[JURIST] Malaysian lawmakers approved detention without trial in a new anti-terror bill that passed on Tuesday, but human rights groups criticize the bill as a giant step backwards for human rights in the country. The Prevention of Terrorism Act was passed [AP report] by the country’s Parliament with a 79-60 vote. If approved The new law would allow authorities to detain suspects indefinitely without a trial, and would bar suspects from challenging their detainment in court. The government said the law is needed to fight islamic militants, as dozens of Malaysians have been arrested since 2013 for suspected links to the Islamic State group. However, Human Rights Watch (HRW) [advocacy website] called it a “giant step backwards for human rights” in Malaysia, and that it raises concerns that the government will use the law to intimidate vocal critics. “By restoring indefinite detention without trial, Malaysia has re-opened Pandora’s Box for politically motivated, abusive state actions that many had thought was closed with the abusive Internal Security Act was revoked in 2012,” said HRW Asia Director [statement] Phil Robertson [official profile]. The bill will need to be approved by the upper house of Parliament and by the King, but those are considered formalities.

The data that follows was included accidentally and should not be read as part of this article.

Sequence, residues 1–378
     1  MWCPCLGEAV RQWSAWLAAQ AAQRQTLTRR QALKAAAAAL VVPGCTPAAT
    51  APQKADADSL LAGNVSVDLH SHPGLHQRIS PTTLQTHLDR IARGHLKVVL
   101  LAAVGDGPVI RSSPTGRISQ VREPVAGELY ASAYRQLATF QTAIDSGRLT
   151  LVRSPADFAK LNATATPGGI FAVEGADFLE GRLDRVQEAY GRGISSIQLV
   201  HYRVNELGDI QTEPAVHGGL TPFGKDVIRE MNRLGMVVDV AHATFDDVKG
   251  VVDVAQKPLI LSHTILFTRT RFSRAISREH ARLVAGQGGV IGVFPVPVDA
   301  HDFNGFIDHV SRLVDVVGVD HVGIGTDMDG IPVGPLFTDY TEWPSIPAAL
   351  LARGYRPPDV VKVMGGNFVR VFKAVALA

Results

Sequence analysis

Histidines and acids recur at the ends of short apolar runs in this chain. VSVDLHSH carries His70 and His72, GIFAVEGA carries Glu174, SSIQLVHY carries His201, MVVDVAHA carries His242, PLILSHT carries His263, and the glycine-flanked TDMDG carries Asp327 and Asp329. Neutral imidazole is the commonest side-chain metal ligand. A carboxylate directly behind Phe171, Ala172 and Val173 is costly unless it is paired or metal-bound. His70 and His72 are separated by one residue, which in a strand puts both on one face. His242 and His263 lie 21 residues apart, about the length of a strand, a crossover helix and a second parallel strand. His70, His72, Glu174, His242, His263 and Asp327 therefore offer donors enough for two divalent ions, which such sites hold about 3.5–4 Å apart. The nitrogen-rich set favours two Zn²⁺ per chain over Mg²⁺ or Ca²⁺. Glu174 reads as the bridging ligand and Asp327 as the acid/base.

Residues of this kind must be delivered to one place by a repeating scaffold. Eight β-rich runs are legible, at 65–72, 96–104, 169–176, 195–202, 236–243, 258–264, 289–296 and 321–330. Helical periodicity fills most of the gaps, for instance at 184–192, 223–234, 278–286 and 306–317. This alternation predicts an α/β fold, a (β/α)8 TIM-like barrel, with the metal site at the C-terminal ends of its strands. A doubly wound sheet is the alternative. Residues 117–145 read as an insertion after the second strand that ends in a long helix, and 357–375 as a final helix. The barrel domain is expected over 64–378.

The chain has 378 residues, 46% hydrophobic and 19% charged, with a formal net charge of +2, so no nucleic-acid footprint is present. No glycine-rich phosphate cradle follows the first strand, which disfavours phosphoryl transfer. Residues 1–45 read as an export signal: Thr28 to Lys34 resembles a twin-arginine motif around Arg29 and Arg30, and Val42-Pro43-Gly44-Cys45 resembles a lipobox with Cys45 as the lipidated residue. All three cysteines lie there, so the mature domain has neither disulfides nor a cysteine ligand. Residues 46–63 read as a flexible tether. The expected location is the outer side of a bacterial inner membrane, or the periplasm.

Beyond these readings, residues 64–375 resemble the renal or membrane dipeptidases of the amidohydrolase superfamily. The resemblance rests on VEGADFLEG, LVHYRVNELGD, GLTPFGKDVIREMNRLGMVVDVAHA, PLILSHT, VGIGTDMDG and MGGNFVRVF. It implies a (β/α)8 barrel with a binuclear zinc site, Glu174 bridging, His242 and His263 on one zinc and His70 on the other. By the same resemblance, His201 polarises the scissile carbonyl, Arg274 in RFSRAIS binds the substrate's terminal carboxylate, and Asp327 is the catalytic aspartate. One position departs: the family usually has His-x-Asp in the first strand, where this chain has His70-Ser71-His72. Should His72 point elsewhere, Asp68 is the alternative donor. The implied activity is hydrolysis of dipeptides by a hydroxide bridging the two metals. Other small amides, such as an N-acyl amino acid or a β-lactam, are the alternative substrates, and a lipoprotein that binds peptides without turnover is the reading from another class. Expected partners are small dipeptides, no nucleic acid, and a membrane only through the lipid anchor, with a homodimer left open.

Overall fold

In 2013, after arresting some 100 Malaysians suspected of supporting the Islamic State (IS) [JURIST backgrounder] militant group, the Malaysian government stated [JURIST report] they needed new measures to curb militants. IS has caused increasing international alarm over its human rights abuses [JURIST report] since its insurgence into Syria and Iraq in 2013. Last month the UN Assistance Mission for Iraq and the Office of the UN High Commissioner for Human Rights jointly released a report [JURIST report] detailing violations against Iraqi civilians under the spread of IS. In December the UK-based Syrian Observatory for Human Rights [official website] reported that the IS executed [JURIST report] 1,878 people in Syria between June and December. That month the UN High Commissioner for Human Rights condemned [JURIST report] the groups beheading of 21 Coptic Christians in Syria. The Chief Prosecutor for the International Criminal Court (ICC) stated in November that the ICC is contemplating bringing war crimes charges against IS jihadist fighters.